After William died in 1702 and the Tories rose to power, the Dissenters found themselves threatened by Tory extremists, and Defoe responded by writing The Shortest Way with Dissenters. Though the pamphlet appeared to urge the Tories to further action against nonconformists, it was actually a parody of the Tories at their most intolerant. When his intent became clear, Defoe was arrested, convicted of seditious libel, and sentenced to stand three times in the pillory, pay a large fine, and remain in jail for an indeterminate period. Defoe’s response was to write a poem in praise of liberty called “A Hymn to the Pillory.” Although Defoe was roundly cheered by the populace while he was in the pillory, he was deserted by the Whig leadership. It was the Tory leader Robert Harley who obtained a pardon for Defoe and also found him financial aid, for during his six months in prison the factory had failed, and Defoe was once again bankrupt.
Defoe now became a full-time...
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The author of 547 publications, Defoe was a ministerial student, a merchant, an importer, and a political agent for the English monarchs William and Mary. He was representative of the English intellectual revolution that denounced traditional authority and questioned even sacrosanct subjects, making him too radical for both Whigs and Tories. In 1685 he participated in Monmouth’s Rebellion against King James II, narrowly escaping Judge Jeffrey’s Bloody Assizes. As part of William and Mary’s triumphal procession into London (1689), Defoe wrote pamphlets advocating William’s policies.
Defoe’s best-known novels, Robinson Crusoe (1719), A Journal of the Plague Year (1722), and Moll Flanders (1722), examine contemporary social problems but avoid politics. He was censored in England for his controversial political pamphlets about religious minorities, the Jacobite threat, the Scottish Union, the standing army, the Act of Settlement, and King George’s accession. When Defoe’s mentor, King William, died in 1702, Tories attacked Defoe as a Whig radical.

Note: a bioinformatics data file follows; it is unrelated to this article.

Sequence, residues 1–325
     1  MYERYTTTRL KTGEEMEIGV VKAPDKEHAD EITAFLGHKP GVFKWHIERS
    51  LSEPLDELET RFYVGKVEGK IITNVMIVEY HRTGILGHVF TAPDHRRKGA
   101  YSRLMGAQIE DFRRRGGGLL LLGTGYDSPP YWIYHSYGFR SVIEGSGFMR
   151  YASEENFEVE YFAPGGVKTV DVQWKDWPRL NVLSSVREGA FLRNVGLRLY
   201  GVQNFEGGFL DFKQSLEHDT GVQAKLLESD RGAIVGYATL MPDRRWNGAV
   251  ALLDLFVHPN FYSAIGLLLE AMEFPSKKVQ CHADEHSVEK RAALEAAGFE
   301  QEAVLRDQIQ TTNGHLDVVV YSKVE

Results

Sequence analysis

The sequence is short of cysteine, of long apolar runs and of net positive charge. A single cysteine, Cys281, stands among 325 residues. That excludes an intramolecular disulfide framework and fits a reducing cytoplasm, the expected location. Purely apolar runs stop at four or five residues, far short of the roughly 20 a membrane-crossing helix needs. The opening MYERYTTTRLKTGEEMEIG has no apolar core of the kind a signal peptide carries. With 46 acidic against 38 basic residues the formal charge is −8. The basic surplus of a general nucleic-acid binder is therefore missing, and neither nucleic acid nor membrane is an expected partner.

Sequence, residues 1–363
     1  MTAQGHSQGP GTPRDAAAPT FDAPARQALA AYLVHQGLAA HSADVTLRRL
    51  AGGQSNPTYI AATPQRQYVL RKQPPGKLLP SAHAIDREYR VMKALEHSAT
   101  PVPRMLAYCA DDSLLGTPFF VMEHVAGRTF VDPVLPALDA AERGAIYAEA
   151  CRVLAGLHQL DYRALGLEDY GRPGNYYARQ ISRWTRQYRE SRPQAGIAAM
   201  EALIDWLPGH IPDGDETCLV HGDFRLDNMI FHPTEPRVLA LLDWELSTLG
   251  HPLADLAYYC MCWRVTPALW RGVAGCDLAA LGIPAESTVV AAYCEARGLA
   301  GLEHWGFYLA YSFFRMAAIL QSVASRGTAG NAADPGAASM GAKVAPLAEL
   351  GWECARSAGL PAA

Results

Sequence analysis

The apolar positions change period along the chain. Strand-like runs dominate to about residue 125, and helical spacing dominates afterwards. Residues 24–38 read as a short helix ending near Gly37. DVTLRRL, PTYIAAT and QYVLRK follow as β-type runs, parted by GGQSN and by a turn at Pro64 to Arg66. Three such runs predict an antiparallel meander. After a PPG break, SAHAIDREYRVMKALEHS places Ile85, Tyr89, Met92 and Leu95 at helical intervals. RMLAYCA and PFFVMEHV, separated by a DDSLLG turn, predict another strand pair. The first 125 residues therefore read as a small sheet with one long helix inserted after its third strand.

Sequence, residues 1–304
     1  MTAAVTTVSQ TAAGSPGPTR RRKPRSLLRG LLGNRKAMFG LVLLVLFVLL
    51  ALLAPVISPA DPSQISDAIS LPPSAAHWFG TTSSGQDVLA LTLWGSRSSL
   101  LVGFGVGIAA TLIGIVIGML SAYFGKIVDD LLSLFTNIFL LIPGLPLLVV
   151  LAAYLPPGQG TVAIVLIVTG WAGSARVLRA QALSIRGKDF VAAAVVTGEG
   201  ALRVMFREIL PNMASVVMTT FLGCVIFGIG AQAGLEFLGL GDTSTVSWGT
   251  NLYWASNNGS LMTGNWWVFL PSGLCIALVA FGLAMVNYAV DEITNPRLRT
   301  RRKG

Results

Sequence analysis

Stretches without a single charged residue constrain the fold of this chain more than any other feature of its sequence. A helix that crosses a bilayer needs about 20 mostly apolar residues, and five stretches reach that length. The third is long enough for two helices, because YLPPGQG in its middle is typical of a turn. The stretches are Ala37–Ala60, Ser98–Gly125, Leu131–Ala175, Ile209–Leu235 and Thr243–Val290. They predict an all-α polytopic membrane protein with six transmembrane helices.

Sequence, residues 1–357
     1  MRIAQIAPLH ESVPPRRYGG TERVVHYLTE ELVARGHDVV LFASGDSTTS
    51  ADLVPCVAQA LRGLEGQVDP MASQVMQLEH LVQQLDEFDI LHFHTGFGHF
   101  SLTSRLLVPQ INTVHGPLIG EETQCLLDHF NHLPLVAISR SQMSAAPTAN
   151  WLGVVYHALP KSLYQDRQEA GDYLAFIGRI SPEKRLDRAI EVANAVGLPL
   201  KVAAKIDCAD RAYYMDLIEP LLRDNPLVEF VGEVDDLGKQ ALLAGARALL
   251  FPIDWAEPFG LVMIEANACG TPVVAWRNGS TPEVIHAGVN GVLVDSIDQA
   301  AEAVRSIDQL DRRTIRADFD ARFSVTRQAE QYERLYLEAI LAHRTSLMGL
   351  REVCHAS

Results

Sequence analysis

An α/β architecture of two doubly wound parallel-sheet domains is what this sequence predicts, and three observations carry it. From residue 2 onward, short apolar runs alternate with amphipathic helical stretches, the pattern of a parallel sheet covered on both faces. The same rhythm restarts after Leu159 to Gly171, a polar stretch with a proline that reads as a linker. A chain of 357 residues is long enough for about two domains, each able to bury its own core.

Defoe’s most famous pamphlet, The Shortest Way with Dissenters (1702), ridiculed church bigotry, outraging both non-Anglican “dissenters” and Anglican officials. Defoe was tried for seditious libel in early...
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Biography (Critical Survey of Long Fiction, Fourth Edition)
Daniel Defoe was born Daniel Foe in the parish of St. Giles, London, the son of James Foe, a Dissenter and a tallow chandler. (Only after the age of forty did Defoe change his last name, perhaps to seem more aristocratic.) The date of his birth is conjectural: In 1683, he listed his age on his marriage license as twenty-four, but since his sister, Elizabeth, was born in 1659, it is probable that Defoe was born the next year. Not much is known of his early childhood, but his education was certainly important in molding his interests. Being a Dissenter, Defoe was not allowed to attend Oxford or Cambridge; instead, he went to a dissenting academy presided over by the Reverend Charles Morton. While offering a study of the classics, the academy also stressed modern languages, geography, and mathematics, practical subjects neglected at the universities. This interest in the practical seems to have stayed with Defoe all his life: When his library was sold after his death, the advertisements listed “several hundred Curious, Scarce Tracts onHusbandry, Trade, Voyages, Natural History, Mines, Minerals, etc.” Defoe’s appreciation of the objects and processes by which one is enabled to live in the world is obvious: After making a table and chair, Crusoe reflects that “by stating and squaring everything by reason and by making the most rational judgment of things, every man may be in time master of every mechanic art.”